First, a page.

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4 > Page 4 of Address on the life and character of the late Richard H. Menefee : delivered before the Law Society of Transylvania University, in the chapel of Morrison College in Lexington, April 12th, 1841 / by Thomas F. Marshall.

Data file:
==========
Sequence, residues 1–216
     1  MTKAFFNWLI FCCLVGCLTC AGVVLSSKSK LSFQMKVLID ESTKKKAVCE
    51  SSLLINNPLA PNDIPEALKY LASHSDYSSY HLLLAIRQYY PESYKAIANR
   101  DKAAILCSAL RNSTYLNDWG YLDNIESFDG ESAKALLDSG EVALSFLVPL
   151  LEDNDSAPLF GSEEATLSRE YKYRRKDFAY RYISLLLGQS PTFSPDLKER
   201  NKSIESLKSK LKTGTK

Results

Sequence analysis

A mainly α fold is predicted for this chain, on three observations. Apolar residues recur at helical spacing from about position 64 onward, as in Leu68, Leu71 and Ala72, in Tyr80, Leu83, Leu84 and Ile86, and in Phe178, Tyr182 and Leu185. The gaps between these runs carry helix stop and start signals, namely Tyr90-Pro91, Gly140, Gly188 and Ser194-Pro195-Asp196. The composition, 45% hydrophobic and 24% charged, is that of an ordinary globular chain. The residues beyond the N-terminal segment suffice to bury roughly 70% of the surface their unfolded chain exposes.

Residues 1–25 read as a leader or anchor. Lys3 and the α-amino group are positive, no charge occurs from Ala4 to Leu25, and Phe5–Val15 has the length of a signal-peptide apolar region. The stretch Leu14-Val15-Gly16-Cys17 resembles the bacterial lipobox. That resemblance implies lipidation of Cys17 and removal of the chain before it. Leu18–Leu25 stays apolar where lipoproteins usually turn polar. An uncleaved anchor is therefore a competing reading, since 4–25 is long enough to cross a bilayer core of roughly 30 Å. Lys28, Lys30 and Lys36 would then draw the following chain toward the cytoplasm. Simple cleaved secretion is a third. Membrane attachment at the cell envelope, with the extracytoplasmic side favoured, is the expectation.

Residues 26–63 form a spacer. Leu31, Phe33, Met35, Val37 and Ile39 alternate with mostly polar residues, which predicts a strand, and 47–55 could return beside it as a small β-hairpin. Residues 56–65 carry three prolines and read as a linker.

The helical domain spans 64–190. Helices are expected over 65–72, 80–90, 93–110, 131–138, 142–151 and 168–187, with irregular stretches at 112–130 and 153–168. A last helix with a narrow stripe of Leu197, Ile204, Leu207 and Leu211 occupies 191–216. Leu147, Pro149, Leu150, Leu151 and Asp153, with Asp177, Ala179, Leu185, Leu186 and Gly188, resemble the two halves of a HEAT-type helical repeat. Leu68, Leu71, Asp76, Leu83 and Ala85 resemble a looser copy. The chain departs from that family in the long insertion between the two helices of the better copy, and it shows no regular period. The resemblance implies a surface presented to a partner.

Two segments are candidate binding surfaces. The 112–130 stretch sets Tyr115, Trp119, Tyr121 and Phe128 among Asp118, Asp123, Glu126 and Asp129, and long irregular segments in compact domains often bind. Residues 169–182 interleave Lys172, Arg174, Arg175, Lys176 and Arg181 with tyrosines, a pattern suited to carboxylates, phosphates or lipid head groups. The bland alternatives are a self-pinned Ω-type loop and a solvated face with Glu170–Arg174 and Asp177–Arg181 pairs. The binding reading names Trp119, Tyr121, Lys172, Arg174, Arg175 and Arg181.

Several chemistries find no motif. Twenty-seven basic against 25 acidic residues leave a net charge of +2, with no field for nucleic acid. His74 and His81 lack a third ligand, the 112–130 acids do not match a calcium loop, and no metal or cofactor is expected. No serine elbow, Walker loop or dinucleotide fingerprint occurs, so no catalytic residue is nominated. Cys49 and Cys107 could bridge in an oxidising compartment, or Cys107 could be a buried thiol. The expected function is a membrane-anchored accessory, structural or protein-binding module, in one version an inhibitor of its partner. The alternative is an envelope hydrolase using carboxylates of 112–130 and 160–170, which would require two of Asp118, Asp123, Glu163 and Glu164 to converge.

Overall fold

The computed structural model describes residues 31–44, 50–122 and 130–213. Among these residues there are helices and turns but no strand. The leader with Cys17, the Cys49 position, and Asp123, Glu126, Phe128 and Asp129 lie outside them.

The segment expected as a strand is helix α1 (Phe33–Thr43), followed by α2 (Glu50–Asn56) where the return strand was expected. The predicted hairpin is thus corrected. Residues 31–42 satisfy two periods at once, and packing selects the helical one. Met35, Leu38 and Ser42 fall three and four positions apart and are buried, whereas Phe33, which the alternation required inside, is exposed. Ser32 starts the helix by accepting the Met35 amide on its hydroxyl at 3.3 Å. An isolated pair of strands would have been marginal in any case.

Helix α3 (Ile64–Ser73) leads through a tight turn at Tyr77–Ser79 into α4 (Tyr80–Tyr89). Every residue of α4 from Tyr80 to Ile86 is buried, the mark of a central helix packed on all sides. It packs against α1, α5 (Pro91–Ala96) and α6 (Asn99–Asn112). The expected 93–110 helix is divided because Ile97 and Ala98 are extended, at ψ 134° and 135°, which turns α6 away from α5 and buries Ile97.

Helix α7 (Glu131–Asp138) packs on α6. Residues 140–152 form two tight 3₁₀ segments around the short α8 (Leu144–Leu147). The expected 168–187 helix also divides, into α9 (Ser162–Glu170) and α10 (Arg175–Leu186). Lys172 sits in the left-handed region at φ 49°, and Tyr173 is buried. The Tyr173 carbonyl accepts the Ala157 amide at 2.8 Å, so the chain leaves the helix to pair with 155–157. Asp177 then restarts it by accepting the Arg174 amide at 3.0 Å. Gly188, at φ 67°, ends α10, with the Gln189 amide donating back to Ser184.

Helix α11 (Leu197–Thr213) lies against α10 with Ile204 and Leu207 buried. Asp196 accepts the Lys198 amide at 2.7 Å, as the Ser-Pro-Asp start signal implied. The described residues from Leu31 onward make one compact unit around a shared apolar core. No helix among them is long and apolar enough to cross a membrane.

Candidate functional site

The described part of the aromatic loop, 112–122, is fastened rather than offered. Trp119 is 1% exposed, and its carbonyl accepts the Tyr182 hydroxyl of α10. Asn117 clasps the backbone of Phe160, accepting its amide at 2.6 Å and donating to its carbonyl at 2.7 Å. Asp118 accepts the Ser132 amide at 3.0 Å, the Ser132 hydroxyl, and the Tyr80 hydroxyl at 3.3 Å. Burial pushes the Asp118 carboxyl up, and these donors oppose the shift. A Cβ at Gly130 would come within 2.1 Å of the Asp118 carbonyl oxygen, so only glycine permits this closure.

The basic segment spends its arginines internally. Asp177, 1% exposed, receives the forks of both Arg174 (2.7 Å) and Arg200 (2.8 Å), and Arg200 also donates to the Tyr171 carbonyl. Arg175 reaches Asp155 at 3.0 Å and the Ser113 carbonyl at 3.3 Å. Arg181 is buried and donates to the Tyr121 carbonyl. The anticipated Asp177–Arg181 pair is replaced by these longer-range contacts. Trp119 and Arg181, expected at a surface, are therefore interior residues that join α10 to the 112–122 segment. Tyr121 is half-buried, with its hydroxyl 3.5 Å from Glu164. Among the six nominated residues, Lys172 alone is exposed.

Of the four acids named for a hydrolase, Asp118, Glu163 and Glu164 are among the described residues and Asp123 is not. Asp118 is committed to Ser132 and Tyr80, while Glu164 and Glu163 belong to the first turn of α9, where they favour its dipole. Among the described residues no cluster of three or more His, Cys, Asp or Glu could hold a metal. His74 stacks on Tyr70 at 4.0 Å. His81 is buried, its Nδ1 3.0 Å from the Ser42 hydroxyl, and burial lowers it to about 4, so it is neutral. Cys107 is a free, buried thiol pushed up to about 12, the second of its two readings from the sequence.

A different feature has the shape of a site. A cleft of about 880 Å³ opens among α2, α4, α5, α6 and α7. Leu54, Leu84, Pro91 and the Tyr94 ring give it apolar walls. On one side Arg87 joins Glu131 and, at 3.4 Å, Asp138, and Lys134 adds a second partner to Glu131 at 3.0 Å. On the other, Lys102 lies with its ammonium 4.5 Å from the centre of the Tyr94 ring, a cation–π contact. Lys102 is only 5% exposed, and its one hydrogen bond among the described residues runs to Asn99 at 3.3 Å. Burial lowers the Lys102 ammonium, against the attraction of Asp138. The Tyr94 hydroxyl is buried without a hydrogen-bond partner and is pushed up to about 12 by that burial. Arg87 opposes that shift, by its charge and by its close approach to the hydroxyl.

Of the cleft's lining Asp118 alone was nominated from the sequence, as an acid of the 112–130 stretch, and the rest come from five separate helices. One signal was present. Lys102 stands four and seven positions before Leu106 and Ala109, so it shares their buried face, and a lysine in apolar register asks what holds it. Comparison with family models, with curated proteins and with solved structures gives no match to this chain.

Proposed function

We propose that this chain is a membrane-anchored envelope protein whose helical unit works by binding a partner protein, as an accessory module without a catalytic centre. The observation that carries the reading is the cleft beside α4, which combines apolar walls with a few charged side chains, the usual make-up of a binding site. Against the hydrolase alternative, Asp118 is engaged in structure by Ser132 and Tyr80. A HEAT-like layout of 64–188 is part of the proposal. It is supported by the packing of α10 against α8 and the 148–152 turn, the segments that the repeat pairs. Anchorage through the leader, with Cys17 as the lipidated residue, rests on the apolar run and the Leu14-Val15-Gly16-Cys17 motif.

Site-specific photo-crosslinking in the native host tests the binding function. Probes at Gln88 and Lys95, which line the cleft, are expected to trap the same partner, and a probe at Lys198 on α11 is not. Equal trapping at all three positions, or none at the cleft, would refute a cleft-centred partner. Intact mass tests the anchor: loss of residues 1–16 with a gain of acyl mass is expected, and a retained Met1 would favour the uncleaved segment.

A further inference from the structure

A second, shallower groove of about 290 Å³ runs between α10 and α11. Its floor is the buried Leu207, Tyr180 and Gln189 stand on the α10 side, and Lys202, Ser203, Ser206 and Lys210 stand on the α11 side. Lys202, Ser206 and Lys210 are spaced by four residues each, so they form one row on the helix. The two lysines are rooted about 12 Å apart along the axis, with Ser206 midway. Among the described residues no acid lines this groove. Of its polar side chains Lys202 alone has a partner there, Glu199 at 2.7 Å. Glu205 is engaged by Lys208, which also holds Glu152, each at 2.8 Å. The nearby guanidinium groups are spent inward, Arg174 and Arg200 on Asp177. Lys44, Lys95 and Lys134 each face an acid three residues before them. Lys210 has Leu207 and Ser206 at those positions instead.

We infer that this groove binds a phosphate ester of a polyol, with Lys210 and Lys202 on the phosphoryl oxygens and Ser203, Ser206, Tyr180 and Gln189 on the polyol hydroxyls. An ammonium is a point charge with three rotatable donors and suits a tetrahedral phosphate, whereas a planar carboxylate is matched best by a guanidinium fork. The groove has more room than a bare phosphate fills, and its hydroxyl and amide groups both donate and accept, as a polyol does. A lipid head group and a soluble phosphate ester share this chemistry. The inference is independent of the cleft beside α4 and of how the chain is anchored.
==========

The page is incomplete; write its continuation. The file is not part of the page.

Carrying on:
4 panegyric without offence; the praises of the dead fret not the living. But I am not here upon an ordinary occasion to pro- nounce a pompous eulogy in set terms of a vague and general praise. You have directed me to draw the life and character, to delineate the very form and figure of the mind of one, whose moral likeness you wish to inscribe in enduring and faithful colors upon your archives, not only as a memorial of one loved and lost, but as an example and model for the study and imita- tion of yourselves and successors. It is not a sample of rhetoric, but a perpetuation of his image, that you seek, as the monument best suited to the subject, as a real and historic standard by which the youth of after times may measure and elevate the idea and the stature of excellence. And surely, if ever there were mirror in which young genius could glass and fashion itself; if ever there were mould in which the forming intellect could be cast in the just and full proportions of graceful energy and per- fect strength; he, of whom we are to speak this day, was that mirror and that mould. Would that the artist were equal to his work, would that his mind were fully up to the dignity of his subject; then indeed would I gladly obey your high command, and give to posterity embodied in my land's language, the very form and lineament, the breathing attitude, the intrepid port, the beaming hope, the dauntless energy of a genius which "poverty and disease could not impair, and which death itself destroyed, rather than subdued." Ah, had he but have lived! on that broad pedestal laid already, he would himself have raised a statue co- lossal and historic, an individual likeness, but a national monu- ment, than which never did the Grecian chisel, from out the sieeping fiiarble, awake a form of grander proportions or of more enduring beauty. He meditated such a work and was faxt zgathering round him the eternal materials. Type of his couutry, 4e sougbL to mingle himself with her existence and her fame and to transmit his name to remote generations as an epit- ome of her early genius and her history, and as the most signal example of the power of her institutions, not only for the pro- duction, but for the most perfect developement of the greatest talents and the most exalted virtue. RICHARD H. MENEFEE, whose death clothed this immediate community with mourning, threw a shade over Kentucky, and